Do the drawbacks of using commercial-off-the-shelf components for military and aerospace applications outweigh the benefits?
I got my first cell phone in the mid-’90s. It was one of those monolithic designs about the size and shape of a large potato. It didn't fit in my purse, let alone in my pocket (although I got a swingin’-looking belt holster for it). I probably should have known it was just a matter of time before the novelty wore off and I lost the danged thing. Indeed, it slipped off my belt in a cab one day as I was heading to the airport from a conference. Those were the days when mobile handsets actually cost serious money, so I spent a fair amount of time trying to get it back (unsuccessfully) before I finally gave up and headed to the store for replacement.
I figured I’d buy the same model, which would keep me from spending time I didn't have learning the ins and outs of the software. It shouldn't have surprised me that my previous phone was a good two generations out of date — technology moves on, after all, and it had been at least two weeks since I’d bought the other handset.
Okay, maybe that's an exaggeration, but it does serve to illustrate one of the primary challenges of using commercial off-the-shelf (COTS) components in military and aerospace applications. We all know the upside, of course — high availability, fast delivery, low cost — but the same market forces that create these advantages have also introduced serious disadvantages when the components are used in other markets. COTS components are subject to the consumer electronics regulatory environment. To comply with RoHS, for example, commercial electronics manufacturers have had to move to lead-free solder. That's good for the environment and human health, but it causes a thorny old problem called tin whiskers — spontaneous growth of small projections that can short out a component and that can occur at any time. Not exactly an issue you want to have crop up in mission- or safety-critical hardware. The longer the operational lifecycle of the component, the greater the chance that tin whiskers will occur.
Which brings up the second major drawback: lifecycle. My cell phone anecdote, while somewhat exaggerated, illustrates an important point: consumer electronics have shorter operational lifecycles, let alone production lifecycles, than military or aerospace systems. A consumer model might have a production lifetime of months, whereas a military or avionics program will need to be supported for decades. That creates problems for the latter set of products when a manufacturer discontinues a COTS component that has been engineered in.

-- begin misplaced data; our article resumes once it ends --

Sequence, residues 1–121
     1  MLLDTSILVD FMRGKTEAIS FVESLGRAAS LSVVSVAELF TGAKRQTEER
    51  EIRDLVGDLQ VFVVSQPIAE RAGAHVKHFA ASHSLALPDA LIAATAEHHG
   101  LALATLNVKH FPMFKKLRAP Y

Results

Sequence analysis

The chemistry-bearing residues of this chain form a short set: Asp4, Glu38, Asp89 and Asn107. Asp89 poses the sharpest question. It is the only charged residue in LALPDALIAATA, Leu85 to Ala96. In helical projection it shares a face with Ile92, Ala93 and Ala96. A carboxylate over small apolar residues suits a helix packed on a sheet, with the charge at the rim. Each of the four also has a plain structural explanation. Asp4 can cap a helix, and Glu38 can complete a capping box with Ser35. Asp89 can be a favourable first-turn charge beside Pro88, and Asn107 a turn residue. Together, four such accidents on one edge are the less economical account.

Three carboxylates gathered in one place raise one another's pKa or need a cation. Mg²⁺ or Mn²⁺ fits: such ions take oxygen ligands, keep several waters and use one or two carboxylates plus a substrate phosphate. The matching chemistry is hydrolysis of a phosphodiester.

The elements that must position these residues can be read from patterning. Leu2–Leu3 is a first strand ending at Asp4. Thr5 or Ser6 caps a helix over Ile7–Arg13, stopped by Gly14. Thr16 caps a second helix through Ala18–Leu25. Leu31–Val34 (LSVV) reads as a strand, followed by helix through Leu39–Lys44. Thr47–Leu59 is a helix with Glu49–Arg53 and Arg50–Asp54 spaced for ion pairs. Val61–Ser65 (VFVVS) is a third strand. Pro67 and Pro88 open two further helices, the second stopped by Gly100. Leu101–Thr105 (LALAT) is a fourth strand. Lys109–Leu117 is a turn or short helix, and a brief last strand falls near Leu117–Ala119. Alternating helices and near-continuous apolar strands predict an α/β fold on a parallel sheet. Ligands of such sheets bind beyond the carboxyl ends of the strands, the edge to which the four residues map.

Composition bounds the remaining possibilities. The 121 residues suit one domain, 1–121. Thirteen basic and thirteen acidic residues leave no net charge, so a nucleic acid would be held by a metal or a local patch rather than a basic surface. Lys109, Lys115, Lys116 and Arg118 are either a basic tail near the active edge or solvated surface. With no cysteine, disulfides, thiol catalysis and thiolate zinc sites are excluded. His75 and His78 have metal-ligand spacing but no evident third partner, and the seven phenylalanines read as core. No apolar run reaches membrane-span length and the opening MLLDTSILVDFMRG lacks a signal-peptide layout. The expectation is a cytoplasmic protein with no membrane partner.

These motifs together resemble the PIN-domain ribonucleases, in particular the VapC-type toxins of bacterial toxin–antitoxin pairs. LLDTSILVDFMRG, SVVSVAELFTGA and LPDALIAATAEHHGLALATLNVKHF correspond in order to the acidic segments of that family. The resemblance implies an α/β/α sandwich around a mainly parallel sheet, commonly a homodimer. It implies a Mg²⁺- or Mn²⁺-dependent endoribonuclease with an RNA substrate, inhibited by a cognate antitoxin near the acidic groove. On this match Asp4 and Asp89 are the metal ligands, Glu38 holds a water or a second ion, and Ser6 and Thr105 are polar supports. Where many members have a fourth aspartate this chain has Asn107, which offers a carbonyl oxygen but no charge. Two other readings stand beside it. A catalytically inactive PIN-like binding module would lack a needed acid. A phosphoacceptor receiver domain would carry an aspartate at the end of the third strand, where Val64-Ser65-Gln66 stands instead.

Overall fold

That brings up the third drawback, which is that the sheer size of the consumer electronics market makes it the 10-ton gorilla compared to the mil/aero market. If a part is no longer selling to the consumer market at high volumes, a vendor whose revenues are primarily fueled by that market will very likely discontinue it, despite the need of a small group of its customers for maintenance, or even production, parts. What's a mil/aero engineer to do?
The more basic the COTS component, the more effective the model is; for parts like MCUs and other ICs, go custom if you can't. If that's not possible, the most obvious solution is to lay in a supply of parts for the long-term, although not all components have a long enough shelf life for this to be a viable technique. You can also work with a manufacturer who will guarantee long-term support and availability — some out there had been manufacturing the same parts for almost three decades. You may have to do some hunting and you may have to compromise somewhat on your performance demands, but if you don't spend the time there, you may well spend it hunting down a new source. Indeed, some manufacturers have made a cottage industry out of reengineering obsolete parts on requests, although that can add time for design, prototyping, fabrication, and qualification. Other manufacturers have begun releasing product lines of MIL-qualified basic components targeted at gaps left behind by discontinued parts. The other alternative is to avoid the use of COTS entirely.
Trade-offs are at the core of engineering. In some ways the COTS dilemma is new, in others it's the same old problem of weighing one option against another on a project-by-project basis. Is this issue of disappearing COTS parts one that you’ve encountered? If so, how do you deal with it? Inquiring minds want to know.
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